I recently upgraded to a MacBook with Touch Bar and was instantly curious about how the touch bar would (or would not) change my designing experience and workflow.
The touch bar is a row of controls that change functions depending on which app you have open, which allows for more customized options than the standard functions bar. Design programs like Sketch, Adobe CC programs, and even Text Edit have all customized the controls that are available in the tool bar when that program is in use.
For the past several years at NMC, our agency has used Sketch as our primary web design tool, and we really enjoy it. So, this post is going to focus on how the new touch bar impacts my workflow with Sketch.
The Touch Bar in Sketch
Above is what the touch bar looks like when you open Sketch. It has buttons for creating shapes and text, adding images, and zooming. (The four buttons to the right are stationary system-wide controls.) If one element is selected, the touch bar changes to show tools like color, rotate, and flip. When multiple elements are selected, it changes to show tools like boolean operations, group, and align. So, as you're working, the touch bar is always changing to show tools that are most relevant to what you are doing at that very moment.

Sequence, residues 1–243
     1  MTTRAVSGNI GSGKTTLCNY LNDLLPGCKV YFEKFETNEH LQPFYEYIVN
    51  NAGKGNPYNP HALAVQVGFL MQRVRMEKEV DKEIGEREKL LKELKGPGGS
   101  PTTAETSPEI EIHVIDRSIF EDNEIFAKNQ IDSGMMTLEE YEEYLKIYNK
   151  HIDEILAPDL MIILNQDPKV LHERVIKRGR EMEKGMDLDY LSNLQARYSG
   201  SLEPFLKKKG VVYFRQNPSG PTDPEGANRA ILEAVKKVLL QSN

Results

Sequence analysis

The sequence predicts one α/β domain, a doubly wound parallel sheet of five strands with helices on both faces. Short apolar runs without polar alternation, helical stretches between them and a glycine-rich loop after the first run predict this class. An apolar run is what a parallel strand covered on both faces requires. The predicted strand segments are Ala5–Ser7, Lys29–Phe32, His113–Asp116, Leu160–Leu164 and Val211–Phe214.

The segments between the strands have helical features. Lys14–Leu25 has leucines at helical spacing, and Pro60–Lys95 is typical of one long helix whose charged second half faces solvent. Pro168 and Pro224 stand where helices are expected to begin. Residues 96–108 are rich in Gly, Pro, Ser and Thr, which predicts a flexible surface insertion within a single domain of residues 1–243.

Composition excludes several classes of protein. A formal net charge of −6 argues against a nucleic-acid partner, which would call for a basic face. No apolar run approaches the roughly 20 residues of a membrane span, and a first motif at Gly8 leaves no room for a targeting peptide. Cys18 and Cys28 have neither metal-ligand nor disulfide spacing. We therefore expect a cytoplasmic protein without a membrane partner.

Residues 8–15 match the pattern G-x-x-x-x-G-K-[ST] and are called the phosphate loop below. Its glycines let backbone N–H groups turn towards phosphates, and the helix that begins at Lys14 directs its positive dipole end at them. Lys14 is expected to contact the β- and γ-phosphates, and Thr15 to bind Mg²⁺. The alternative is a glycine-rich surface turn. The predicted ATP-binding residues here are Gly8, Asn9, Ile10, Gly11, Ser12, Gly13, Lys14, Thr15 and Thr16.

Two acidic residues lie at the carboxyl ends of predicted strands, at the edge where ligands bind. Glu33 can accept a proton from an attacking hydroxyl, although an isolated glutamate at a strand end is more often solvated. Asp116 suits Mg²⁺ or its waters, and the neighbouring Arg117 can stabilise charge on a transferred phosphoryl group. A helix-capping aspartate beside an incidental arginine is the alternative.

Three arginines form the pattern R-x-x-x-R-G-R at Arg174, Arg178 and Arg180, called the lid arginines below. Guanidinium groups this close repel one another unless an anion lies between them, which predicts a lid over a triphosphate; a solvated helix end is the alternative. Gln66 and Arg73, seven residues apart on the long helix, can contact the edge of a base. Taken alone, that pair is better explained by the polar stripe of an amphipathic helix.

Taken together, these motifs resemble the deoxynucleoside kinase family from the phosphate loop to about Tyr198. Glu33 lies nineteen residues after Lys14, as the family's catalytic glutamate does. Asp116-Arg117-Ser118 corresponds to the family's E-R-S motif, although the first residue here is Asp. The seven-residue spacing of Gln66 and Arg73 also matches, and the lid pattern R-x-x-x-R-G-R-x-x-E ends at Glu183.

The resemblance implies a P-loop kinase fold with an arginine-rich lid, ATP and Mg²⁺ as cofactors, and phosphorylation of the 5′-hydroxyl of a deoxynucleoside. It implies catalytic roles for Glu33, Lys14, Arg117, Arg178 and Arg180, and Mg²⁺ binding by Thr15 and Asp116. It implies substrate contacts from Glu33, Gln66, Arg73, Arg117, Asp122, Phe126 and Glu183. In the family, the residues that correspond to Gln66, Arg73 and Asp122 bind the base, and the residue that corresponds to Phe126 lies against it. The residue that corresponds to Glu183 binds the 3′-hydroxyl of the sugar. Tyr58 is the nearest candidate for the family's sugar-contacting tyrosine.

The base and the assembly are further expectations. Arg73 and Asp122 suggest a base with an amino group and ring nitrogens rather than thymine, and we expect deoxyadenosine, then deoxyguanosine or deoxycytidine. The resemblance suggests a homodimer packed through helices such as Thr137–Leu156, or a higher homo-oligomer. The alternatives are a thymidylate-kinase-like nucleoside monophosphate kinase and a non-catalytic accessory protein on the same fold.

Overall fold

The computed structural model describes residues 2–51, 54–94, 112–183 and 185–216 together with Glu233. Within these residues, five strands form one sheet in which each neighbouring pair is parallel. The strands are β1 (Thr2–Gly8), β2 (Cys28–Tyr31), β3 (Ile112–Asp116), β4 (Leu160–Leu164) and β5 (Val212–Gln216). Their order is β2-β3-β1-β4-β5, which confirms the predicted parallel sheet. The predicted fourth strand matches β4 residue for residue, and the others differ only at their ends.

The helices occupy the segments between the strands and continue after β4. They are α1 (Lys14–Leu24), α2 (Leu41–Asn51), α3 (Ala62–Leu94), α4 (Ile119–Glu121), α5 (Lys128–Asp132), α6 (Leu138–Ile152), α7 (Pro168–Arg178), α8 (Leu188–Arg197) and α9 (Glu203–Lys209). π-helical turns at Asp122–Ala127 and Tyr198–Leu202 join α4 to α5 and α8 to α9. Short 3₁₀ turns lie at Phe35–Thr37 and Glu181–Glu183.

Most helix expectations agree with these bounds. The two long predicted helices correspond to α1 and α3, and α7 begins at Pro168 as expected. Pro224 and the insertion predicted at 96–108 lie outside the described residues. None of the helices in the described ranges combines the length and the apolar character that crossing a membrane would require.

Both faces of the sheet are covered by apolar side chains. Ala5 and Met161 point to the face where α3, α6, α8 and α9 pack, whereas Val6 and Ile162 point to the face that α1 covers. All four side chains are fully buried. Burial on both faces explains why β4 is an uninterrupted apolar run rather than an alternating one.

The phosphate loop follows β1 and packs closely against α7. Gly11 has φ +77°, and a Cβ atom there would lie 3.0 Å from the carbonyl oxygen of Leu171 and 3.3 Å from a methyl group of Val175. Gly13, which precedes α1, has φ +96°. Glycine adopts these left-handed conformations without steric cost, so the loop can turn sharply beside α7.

Now, I'll touch on a few of the Sketch touchbar functions that I've integrated into my daily workflow. Note that there are quite a few functions that also have a keyboard shortcut, which is easier for me to do than moving my hand up to the touch bar:
The align tools in Sketch are also located at the top of the right toolbar, so they are always accessible. I have found that using the touchbar for aligning items can be a bit quicker since it's just a simple tap rather than moving the pointer to the toolbar and then selecting the correct align tool.
Also known as the ‘pathfinder’ tool in Illustrator, I use this tool a lot to create vector shapes. Similar to Align, these tools are also located in Sketch's top toolbar, but I've found that just tapping the touch bar with my left hand is quicker than moving my mouse up to the top toolbar.
This is as simple as an on/off toggle button. Super quick and easy to access.
Previously, my go-to way of reflecting an item was to right-click on the item, scroll down to ‘Transform’, and then choose the flip selection. For me, all of those steps are tedious and clunky when I'm working fast. There have been many, many times when I’ve scrolled too little or too far and clicked the wrong option, throwing off my flow.
However, with the touch bar, reflecting items takes only two quick taps. Less clicks and no scrolling through toolbars; I’m all for it!
To be honest, I don't use this function very often because I find the keyboard rotate controls easier, but the slider in the touch bar is pretty fun to use!
After working with the touch bar for a few months I can say that it does provide easy access to a few of my most-used tools that were previously buried in dropdowns or right-click toolbars. It makes my design process a bit more efficient by trimming seconds off of quick tasks like grouping, aligning, reflecting, or rotating design elements. However, I don’t see it revolutionizing my workflow and cutting my design time in half, since there are also keyboard shortcuts that do many of the things that the touch bar can do. Either way, the touch bar is a cool tool added to my design process, and I encourage you to give it a try and see how it works for you!